Did you know that Henry Paulson, George Bush's Treasury Secretary, was the ex CEO of Goldman Sachs?
Did you know it was Paulson who led a team of regulators and bankers in early September 2008 to determine what to do with the most severely wounded financial institutions and that one of the participants in those meetings was Lloyd C. Blankfein, Paulson's successor at Goldman Sachs?
It was this team of advisers who recommended that Lehman Brothers, a competitor of Goldman Sachs, be allowed to fail.
The same team of advisers recommended that AIG be bailed out with taxpayer funds. It is alarming to learn that with the first $85 Billion AIG received from the Fed, $12.6 Billion was used to pay a debt owed to Goldman Sachs.
In effect the "Goldman Sachs People" advised the Fed to bail out a company that owed them money (AIG) and advised the Fed to allow their competitor (Lehman Brothers) to fail.
In 2006 when Bush nominated Paulson to become Treasury Secretary, Paulson owned over 4.5 Million shares in Goldman Sachs, estimated to be worth over $700 Million. Obviously Paulson was extremely well connected and had many friends who had a vested interest in seeing Goldman Sachs stay afloat, and if that meant keeping AIG afloat, then so be it.
According to Bloomberg.com, "While he (Paulson) invested $10 billion in Goldman Sachs in October (2008), twice as much as Buffett did the month before, Paulson gained certificates worth one-fourth as much as the billionaire." Obviously Warren Buffet made a far better deal to acquire Goldman stock than Paulson did, using taxpayer's money.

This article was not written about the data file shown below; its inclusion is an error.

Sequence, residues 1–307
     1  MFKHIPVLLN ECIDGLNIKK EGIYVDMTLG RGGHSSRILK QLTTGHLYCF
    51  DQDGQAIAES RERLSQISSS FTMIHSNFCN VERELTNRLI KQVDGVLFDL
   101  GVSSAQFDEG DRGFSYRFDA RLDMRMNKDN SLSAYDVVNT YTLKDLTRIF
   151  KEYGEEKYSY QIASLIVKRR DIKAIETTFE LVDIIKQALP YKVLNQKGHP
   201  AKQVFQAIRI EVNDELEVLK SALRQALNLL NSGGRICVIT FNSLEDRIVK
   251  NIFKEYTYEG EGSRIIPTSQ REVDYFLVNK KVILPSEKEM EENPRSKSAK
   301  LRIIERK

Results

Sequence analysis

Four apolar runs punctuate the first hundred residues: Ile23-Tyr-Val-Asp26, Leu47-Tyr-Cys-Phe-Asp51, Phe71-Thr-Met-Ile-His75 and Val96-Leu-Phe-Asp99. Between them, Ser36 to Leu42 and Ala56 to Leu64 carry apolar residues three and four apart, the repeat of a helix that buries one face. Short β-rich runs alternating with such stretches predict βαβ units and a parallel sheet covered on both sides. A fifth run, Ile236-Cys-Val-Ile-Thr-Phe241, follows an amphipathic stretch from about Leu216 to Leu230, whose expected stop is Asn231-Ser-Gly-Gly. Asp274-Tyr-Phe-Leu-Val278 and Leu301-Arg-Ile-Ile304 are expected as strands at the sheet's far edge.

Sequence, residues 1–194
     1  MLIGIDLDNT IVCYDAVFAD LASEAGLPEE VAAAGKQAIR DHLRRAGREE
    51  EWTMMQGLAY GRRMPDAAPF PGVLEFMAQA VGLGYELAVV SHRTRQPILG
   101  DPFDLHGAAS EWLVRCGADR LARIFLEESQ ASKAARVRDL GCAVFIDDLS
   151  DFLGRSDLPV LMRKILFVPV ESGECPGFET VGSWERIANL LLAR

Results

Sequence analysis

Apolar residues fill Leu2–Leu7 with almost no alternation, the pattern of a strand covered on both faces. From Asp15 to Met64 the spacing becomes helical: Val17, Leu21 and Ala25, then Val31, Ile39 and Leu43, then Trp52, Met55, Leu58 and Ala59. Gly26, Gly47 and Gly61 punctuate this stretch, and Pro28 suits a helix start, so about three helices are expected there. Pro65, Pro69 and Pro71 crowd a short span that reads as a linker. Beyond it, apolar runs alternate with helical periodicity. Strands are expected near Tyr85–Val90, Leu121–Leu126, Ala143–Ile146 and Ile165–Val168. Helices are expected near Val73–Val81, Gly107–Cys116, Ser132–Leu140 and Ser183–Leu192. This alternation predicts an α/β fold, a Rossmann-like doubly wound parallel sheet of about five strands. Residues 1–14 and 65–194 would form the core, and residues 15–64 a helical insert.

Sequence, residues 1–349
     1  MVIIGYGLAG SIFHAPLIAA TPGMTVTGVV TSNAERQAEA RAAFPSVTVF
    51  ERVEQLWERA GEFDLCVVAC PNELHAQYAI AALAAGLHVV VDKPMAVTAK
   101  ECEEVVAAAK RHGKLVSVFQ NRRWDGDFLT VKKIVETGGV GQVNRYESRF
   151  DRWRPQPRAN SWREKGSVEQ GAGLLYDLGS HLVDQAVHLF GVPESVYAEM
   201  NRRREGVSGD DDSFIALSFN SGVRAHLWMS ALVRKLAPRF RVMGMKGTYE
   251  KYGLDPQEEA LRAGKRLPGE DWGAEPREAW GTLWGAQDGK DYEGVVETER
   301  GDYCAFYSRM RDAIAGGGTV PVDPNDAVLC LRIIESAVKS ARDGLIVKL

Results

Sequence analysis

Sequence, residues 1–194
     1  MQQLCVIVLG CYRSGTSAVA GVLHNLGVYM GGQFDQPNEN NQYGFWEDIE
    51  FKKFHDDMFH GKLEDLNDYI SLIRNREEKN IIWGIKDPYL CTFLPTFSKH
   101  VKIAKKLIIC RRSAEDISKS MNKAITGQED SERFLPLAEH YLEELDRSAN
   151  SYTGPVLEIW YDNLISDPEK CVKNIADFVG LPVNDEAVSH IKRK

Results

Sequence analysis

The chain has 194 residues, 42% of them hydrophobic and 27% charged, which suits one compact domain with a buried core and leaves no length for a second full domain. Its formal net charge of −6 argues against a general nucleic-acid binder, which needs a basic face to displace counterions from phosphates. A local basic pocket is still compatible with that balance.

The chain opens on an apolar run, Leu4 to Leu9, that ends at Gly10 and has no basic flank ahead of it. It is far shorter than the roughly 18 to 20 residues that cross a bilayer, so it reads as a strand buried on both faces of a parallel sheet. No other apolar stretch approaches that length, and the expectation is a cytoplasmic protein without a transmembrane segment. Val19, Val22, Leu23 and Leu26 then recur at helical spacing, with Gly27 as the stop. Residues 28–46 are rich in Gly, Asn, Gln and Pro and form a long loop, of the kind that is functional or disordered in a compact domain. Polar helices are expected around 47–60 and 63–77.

As per an article on Bloomberg.com: "Paulson’s warrant deals may give taxpayers less profit from any recovery in financial stocks than shareholders such as Goldman Sachs Chief Executive Officer Lloyd Blankfein." (Remember Blankfein was one of the participants in the "bailout meetings".) Buffett received 43.5 million Goldman Sachs warrants valued at $82.18 a piece on the date of the transaction, or $3.6 billion, Bloomberg analytics show. Paulson, who served as the New York- based bank’s chief executive officer until 2006, injected twice as much taxpayer money into Goldman Sachs a month later and got 12.2 million warrants worth $72.33 each, or $882 million.
If the Treasury had received the same terms as Buffett, taxpayers would have become the biggest investors in most of the bailed-out banks and existing stakes would have been diluted, according to data obtained by Bloomberg.
Despite this unbelievable conduct, management at Goldman (and AIG) continue to treat taxpayers with utter contempt while receiving additional bailout funds.